Of her many books, her second volume, Feminist Theory: From Margin to Center (1984), might be the most widely read. The book is a stern critique of second wave feminism and the implicit racism of The Feminine Mystique. She points out the privileged position that mainstream feminists came from because of their skin. “Had middle-class black women begun a movement in which they had labeled themselves ‘oppressed,’ no one would have taken them seriously,” she writes. But it’s not only the implicit racism in feminism that hooks highlights. She also called attention to the anti-male position common among radical feminists of the time. “Anti-male sentiments have alienated many poor and working-class women, particularly non-white women from the feminist movement. Their life experiences have shown them that they have more in common with men of their race and/or class group than with bourgeois white women.” Advocating for the involvement in all people against oppression (which she refers to as the white supremacist capitalist patriarchy), hooks sees men as “comrades in struggle.”
The great contribution of hooks’ Feminist Theory is the idea of interlocking “vectors of oppression.” Although it would later be named and advanced by black feminists Kimberle Crenshaw and Patricia Hill Collins, hooks was discussing intersectionality. A white working class woman, like my mother, may be oppressed in a patriarchal social system, but she still enjoys the privilege associated with her race, class, and sexual orientation. A poor black lesbian is going to have a much different experience of oppression (as is a disabled working class heterosexual male). We know inherently that working class masculinity is different than bourgeois masculinity (tractor pulls and polo matches). hooks writes, “Feminist analyses of women’s lot tend to focus exclusively on gender and do not provide a solid foundation to construct feminist theory. They reflect the dominant tendency in Western patriarchal minds to mystify women’s reality by insisting that gender is the sole determinant of women’s fate.” By exploring these vectors of oppression the many varied experiences of women (and men and transpeople) can be incorporated into feminist thought in a way that was difficult under second wave feminist discourse.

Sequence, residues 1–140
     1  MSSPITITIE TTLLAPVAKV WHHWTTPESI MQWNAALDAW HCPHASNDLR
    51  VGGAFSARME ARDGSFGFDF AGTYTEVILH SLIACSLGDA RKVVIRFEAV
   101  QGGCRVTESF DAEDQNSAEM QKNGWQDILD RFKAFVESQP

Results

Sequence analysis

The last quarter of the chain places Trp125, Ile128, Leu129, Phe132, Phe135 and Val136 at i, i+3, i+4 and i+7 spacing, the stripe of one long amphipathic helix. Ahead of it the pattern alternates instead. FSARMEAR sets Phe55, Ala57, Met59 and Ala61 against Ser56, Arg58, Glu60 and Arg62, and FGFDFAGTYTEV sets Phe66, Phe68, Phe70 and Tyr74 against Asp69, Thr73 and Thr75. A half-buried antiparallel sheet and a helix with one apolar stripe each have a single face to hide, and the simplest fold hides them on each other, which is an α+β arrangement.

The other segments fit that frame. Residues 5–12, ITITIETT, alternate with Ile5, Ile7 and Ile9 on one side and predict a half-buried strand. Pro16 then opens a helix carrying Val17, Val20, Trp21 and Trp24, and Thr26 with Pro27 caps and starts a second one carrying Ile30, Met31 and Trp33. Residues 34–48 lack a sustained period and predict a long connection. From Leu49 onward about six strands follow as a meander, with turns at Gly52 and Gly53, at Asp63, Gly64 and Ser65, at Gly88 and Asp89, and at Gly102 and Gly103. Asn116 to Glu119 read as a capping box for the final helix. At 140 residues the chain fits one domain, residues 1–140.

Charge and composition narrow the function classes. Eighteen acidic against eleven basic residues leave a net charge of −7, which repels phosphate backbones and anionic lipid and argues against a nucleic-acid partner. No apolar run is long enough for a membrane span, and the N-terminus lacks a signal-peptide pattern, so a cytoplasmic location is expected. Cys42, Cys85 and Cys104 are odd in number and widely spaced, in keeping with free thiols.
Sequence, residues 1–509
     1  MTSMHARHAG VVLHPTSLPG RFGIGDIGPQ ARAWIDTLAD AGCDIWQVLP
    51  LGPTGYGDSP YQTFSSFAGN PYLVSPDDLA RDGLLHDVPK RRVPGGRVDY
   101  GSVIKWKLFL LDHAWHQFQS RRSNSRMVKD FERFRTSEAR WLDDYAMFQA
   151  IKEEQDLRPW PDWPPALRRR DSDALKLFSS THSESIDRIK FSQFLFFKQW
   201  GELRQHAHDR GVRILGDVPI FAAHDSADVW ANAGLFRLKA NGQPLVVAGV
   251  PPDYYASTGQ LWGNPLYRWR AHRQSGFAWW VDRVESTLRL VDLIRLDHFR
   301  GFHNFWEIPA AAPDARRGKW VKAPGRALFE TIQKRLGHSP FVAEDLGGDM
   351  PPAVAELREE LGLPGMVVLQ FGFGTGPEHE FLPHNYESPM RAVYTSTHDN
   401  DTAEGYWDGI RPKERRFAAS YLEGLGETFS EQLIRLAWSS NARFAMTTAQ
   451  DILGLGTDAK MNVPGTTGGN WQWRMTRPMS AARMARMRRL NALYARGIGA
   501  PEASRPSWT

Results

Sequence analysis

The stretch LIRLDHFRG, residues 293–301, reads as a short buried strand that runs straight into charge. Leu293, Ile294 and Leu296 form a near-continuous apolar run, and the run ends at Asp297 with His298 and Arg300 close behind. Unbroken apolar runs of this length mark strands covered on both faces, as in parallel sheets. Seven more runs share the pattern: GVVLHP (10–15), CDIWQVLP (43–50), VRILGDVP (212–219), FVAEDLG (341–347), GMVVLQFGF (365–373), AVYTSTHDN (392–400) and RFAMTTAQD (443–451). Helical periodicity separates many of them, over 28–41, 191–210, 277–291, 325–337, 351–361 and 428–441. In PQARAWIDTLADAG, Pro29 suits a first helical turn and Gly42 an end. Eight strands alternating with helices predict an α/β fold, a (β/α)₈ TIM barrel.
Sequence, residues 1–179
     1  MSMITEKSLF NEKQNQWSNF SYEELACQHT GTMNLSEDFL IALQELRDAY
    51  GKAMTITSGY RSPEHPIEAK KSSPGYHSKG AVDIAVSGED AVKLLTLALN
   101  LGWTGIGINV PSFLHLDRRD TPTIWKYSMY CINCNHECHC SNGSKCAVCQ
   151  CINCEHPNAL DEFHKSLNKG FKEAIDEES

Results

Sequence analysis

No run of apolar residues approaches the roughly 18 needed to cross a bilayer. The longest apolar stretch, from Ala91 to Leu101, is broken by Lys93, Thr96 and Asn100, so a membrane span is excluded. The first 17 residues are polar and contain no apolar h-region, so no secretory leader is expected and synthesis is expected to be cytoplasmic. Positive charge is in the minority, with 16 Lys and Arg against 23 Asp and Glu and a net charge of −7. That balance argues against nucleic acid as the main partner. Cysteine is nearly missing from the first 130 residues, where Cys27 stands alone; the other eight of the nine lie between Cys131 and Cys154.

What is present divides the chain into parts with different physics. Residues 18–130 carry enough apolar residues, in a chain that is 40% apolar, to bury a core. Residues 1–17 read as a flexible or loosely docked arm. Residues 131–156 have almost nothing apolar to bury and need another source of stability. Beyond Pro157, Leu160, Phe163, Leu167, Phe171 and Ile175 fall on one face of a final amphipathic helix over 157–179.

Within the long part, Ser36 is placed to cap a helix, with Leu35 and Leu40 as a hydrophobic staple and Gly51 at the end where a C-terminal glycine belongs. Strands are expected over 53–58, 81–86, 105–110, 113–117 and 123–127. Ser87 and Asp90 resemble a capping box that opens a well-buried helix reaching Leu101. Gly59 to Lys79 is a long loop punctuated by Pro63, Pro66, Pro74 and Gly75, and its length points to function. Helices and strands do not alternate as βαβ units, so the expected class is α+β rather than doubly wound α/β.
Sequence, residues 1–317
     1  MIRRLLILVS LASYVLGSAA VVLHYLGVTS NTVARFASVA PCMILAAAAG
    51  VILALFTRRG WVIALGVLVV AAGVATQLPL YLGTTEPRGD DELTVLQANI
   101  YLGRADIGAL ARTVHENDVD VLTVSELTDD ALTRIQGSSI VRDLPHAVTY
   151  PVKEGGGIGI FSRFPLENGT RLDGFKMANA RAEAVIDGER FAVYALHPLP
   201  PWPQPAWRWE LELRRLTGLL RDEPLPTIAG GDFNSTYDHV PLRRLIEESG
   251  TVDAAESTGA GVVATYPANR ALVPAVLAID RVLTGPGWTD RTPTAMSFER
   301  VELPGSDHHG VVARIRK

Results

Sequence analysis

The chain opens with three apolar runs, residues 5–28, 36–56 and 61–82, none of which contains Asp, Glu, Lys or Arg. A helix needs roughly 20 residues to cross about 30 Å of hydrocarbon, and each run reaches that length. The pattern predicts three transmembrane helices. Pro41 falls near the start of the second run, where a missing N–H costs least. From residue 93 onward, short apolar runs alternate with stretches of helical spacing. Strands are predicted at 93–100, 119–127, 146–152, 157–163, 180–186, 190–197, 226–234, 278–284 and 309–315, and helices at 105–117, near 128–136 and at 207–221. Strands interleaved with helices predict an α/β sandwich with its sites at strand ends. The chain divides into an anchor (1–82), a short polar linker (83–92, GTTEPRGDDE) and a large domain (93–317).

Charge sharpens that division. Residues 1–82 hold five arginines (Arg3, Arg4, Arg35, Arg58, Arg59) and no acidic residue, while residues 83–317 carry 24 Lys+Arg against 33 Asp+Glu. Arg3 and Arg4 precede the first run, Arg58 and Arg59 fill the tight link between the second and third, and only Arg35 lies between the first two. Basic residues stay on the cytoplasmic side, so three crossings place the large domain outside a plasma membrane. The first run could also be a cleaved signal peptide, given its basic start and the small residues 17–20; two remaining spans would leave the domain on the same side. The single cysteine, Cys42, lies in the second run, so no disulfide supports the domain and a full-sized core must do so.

From books on black masculinity (We Real Cool (2004)) to analysis of pop culture (Reel to Real: Race, Sex, and Class at the Movies (1996)), and even children’s books (Be Boy Buzz (2002)), hooks’ work is unified by a desire to create a “love ethic” that undoes the personal and social harm done by the experience of oppression. Her brief 2000 book, Feminism is for Everybody: Passionate Politics, should be required reading for the human race. I’ve bought copies for friends and even my therapist. In it hooks covers the standard critiques of “the movement,” but also unlocks the potentials of better sex and relationships through being more in-tuned with women’s basic humanity. Plus it’s a book dudes look really cool reading.
Professor hooks is still active, recently discussing trans identities and feminism with Laverne Cox, from Orange is the New Black. She speaks to audiences all over the world. I’ve seen her at Portland State and Reed College and was this close to getting her face tattooed on my arm. A whole new generation of young people (not just my students) have discovered hooks’ ideas through the Saved by the Bell Hooks internet meme. Perhaps most importantly, her definition of feminism has become a universal starting point for how big the feminist tent can be.
Feminism is a movement to end sexism, sexist exploitation, and oppression.